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September 17, 2010
Investors Call for Passage of California Legislation Addressing Human Trafficking
    by Robert Kropp

Governor Schwarzenegger has until the end of September to sign SB 657, which requires companies operating in California to disclose policies addressing human trafficking in supply chains.


Joining the nongovernmental organizations Alliance to Stop Slavery and End Trafficking (ASSET) and Coalition to Abolish Slavery & Trafficking (CAST), a coalition of investors led by Christian Brothers Investment Services (CBIS) has called on Governor Arnold Schwarzenegger of California to sing into law SB 657, the California Transparency in Supply Chains Act of 2010.

Sponsored by Senate Pro Tempore Darrell Steinberg, and co-sponsored by ASSET and CAST, the law, which was passed by the California State Senate in January, would require companies with revenues of more than $100 million that do business in California to publish on their websites the policies they have to address slavery and human trafficking in their supply chains.

The bill also requires companies to disclose whether they use third parties to verify whether their policies are enacted by their suppliers, and whether they conduct unannounced audits of suppliers to ensure compliance. If signed by the Governor, the law is expected to affect 3,200 global companies. The Governor has until the end of September to either sign the bill into law or veto it. If he does sign the bill, the reporting requirement begins in 2012.

The investor coalition led by CBIS includes 32 signatories with a total of $40 billion in assets under management. The signatories include investment research firms, institutional investors, and faith-based investors, including members of the
Interfaith Center on Corporate Responsibility (ICCR).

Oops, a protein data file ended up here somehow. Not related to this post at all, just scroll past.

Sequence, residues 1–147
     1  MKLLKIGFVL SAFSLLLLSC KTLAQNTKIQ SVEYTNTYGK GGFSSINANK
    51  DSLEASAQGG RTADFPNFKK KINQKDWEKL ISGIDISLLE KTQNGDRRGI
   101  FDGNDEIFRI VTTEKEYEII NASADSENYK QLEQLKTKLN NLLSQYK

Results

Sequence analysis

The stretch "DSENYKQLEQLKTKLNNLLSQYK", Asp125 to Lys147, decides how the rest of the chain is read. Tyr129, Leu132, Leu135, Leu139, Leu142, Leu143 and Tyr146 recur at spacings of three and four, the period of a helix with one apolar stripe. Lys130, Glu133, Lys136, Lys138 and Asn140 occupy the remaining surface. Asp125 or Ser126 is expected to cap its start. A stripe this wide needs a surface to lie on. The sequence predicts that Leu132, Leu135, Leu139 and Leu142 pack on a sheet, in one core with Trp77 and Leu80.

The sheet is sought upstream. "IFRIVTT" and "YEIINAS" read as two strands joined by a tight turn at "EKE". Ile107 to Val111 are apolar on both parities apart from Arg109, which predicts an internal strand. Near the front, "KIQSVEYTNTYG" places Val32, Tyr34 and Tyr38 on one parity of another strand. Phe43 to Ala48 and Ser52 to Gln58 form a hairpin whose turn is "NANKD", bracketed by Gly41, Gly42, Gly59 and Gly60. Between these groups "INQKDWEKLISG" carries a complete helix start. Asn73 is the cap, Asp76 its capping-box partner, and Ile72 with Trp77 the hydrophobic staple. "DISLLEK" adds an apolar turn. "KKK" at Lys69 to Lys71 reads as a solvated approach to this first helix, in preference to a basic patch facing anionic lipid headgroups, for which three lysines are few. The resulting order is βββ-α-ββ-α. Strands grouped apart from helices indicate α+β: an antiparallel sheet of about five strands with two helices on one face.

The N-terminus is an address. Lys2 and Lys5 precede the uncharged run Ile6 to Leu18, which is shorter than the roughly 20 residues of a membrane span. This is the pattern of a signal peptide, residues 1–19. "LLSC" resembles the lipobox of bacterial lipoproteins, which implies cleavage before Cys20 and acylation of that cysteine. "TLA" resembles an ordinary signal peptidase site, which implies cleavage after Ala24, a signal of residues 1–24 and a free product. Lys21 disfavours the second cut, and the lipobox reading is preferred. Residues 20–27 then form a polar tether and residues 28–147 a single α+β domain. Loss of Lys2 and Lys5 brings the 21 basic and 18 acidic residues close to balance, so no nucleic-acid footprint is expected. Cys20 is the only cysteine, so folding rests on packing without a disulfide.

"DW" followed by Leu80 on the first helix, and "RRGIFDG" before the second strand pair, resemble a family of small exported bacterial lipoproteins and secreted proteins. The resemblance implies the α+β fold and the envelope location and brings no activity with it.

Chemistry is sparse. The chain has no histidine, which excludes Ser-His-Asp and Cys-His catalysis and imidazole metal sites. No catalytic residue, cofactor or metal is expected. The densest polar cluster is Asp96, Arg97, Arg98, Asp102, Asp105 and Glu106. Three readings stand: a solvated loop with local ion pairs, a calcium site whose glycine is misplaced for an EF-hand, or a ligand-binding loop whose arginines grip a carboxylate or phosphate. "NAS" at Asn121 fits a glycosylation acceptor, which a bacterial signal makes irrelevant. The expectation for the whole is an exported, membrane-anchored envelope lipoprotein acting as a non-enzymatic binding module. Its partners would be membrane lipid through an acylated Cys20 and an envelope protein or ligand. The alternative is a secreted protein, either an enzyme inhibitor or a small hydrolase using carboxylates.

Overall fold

On September 10, the investor coalition sent a
letter, stating, "This innovative and influential bill reflects the realities of the marketplace, which increasingly requires that companies be sensitive to social and ethical issues, including labor and supply chains, and create human rights policies, as well as processes to evaluate, monitor and strengthen them."

"Given trends in globalization and growing concerns regarding working conditions, labor issues, human trafficking and slavery, investors and other stakeholders will increasingly call for information from companies related to their supply chains," the letter concluded.

SocialFunds.com spoke with Julie Tanner, Assistant Director of Socially Responsible Investing (SRI) at CBIS, about the investor coalition's advocacy for the signing by the Governor of the bill into law.

Tanner told SocialFunds.com that the legislation was brought to her attention by ASSET and the
Sisters of St. Joseph of Orange, a California-based signatory to the investor letter.

"The bill is so appropriate to the work that socially responsible investors do," Tanner said. "It addresses disclosure and transparency, and supports our efforts to combat human trafficking."